Wood from trees: TOC House, Mexico by Elias Rizo Arquitectos.
Text: Detail Daily
Dating from 2008 the TOC house, designed by Mexican firm Elias Rizo Arquitectos, is set in a forest in Tapala, Mexico. The house has two sides to its character a formal one and one that hangs out in the garden!
The house is around 3,445 square feet and is single storey set on a generous plot. In plan it is simply arranged as two rectangular volumes set perpendicular to each other. The “vanishing corner” that this arrangement creates forms a generous porch to the front door which is framed in austere high stone walls.
The approach to the house is the formal scene with the beautiful stone walls made from slivers of what looks like slate. It looks solid, even a little forbidding. The stone walls enclose two sides of each of the rectangular volumes. Behind the these walls, the remaining sides are enclosed predominantly in glass with timber framing. The prodigious use of timber gives this side of the house a more temporary feel, softer and far less formal. Here is where the garden is really enjoyed.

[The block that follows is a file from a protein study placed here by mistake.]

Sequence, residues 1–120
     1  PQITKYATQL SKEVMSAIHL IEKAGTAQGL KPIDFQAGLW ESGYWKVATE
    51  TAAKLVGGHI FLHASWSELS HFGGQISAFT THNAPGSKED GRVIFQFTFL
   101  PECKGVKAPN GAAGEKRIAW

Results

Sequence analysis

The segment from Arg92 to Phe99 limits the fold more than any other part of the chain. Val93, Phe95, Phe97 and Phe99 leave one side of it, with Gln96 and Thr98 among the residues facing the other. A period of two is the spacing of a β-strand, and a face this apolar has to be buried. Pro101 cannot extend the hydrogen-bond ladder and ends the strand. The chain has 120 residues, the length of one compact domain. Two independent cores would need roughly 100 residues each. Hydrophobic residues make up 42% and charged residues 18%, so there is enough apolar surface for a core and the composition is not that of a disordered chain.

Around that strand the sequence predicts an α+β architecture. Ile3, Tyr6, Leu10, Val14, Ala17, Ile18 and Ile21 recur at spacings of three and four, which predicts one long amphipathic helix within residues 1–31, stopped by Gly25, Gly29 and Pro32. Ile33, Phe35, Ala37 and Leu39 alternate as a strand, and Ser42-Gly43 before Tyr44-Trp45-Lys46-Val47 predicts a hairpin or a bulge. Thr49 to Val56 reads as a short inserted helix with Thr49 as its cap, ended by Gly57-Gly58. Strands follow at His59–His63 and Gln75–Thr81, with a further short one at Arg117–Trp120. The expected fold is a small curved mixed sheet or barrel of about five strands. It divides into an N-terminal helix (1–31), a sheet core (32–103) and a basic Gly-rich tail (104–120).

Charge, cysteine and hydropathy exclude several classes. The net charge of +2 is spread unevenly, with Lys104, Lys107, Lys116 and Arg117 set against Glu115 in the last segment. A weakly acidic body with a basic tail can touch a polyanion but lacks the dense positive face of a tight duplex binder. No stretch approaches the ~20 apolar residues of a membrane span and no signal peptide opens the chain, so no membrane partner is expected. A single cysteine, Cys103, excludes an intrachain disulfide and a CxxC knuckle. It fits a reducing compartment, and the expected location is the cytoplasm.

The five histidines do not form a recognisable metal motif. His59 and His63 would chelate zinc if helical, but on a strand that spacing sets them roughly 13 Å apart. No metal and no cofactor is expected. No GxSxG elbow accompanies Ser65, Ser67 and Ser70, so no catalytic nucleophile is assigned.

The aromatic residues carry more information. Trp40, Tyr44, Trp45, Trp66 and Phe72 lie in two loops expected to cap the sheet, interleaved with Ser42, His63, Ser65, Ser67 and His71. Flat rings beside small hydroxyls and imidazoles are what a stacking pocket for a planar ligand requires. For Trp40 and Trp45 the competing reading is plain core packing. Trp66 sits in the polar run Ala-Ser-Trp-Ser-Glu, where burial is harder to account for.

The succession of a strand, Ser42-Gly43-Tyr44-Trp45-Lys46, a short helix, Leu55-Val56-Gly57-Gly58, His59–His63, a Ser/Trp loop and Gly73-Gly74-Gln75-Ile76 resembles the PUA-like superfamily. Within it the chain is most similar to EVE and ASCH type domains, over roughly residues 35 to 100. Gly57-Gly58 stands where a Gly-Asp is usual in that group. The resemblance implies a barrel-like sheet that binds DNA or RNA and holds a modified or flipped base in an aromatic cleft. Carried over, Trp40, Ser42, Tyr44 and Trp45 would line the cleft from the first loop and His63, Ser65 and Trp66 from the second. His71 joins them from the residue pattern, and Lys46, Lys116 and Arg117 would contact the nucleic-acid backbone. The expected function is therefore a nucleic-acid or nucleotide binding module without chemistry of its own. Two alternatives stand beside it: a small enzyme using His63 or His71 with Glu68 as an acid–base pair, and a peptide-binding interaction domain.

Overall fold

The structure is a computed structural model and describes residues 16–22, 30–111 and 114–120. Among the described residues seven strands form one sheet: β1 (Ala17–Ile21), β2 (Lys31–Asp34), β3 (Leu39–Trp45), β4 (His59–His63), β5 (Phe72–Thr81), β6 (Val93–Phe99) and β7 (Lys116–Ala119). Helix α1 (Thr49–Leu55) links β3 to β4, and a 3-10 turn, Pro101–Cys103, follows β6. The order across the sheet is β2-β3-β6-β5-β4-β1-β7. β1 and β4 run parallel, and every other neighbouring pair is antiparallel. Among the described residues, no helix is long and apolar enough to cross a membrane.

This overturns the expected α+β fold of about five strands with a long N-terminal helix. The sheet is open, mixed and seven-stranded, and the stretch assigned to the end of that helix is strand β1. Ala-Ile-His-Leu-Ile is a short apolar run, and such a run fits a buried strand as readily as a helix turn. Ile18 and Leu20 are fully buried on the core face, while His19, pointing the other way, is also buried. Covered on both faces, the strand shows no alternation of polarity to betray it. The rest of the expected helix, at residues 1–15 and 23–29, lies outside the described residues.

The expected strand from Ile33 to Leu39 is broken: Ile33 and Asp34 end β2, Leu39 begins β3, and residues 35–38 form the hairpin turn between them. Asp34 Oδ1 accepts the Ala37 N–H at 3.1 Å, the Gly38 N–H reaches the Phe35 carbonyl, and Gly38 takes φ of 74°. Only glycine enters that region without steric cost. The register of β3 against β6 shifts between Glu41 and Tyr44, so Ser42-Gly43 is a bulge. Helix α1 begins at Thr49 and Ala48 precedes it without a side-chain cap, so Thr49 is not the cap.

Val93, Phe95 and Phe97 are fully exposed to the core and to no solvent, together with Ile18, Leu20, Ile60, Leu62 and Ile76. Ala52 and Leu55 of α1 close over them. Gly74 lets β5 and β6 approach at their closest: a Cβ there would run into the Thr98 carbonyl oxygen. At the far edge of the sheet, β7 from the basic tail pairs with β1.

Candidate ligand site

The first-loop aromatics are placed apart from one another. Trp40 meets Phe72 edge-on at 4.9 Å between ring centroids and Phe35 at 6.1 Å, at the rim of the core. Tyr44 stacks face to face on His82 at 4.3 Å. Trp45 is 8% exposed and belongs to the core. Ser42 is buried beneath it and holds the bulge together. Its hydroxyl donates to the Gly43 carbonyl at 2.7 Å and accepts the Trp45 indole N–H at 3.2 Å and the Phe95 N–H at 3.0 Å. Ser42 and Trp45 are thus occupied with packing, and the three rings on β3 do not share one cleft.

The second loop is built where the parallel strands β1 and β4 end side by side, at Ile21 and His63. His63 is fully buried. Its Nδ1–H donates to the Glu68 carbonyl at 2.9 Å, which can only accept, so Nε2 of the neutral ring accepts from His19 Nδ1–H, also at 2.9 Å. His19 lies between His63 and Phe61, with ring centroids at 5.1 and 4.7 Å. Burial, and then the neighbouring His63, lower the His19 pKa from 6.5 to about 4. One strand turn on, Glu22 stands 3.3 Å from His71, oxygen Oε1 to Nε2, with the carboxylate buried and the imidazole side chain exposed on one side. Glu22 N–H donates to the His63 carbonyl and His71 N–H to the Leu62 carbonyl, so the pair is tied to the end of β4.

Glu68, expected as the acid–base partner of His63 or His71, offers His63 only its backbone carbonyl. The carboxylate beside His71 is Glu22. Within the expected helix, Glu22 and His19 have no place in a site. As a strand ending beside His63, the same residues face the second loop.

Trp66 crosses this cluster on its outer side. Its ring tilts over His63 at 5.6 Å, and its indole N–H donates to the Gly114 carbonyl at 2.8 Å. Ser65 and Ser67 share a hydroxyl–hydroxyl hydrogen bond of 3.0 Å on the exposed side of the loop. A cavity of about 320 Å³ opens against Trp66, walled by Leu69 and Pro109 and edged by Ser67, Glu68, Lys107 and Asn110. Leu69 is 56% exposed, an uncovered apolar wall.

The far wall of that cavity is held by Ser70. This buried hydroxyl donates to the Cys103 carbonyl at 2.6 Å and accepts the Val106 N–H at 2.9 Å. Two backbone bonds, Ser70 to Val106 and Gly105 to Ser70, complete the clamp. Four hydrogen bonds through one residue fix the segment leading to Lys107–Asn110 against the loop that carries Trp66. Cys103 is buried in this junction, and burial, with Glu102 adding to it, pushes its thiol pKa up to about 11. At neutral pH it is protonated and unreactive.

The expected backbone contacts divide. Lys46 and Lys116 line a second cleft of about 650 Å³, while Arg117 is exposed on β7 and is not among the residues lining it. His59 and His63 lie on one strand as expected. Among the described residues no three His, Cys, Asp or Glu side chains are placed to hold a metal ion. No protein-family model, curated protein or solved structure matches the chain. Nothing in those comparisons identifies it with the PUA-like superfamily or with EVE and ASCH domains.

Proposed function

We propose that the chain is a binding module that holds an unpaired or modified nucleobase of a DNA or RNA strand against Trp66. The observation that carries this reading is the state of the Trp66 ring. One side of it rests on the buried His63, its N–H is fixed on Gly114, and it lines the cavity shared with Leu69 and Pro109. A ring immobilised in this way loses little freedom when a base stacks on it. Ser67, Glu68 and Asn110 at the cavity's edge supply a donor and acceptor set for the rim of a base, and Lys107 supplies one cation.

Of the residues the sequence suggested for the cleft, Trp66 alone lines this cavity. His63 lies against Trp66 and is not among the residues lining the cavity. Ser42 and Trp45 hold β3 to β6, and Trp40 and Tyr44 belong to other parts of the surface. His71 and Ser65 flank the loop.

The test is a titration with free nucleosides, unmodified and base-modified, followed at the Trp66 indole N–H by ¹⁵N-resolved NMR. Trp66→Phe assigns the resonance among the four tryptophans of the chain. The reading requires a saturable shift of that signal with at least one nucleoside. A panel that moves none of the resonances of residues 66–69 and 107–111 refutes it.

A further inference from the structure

The roof on each volume is a simple mono-pitch form, clad in red clay tile. The underside of the roof exposes its timbers. A large area of timber decking seems to float into the garden, an extension of the interior accommodation perhaps, but not a case of the garden seeming to inhabit the house.
In all, a beautifully manicured architecture, set in a beautifully manicured garden.
Gratitude to homdesign for bringing the project to my attention.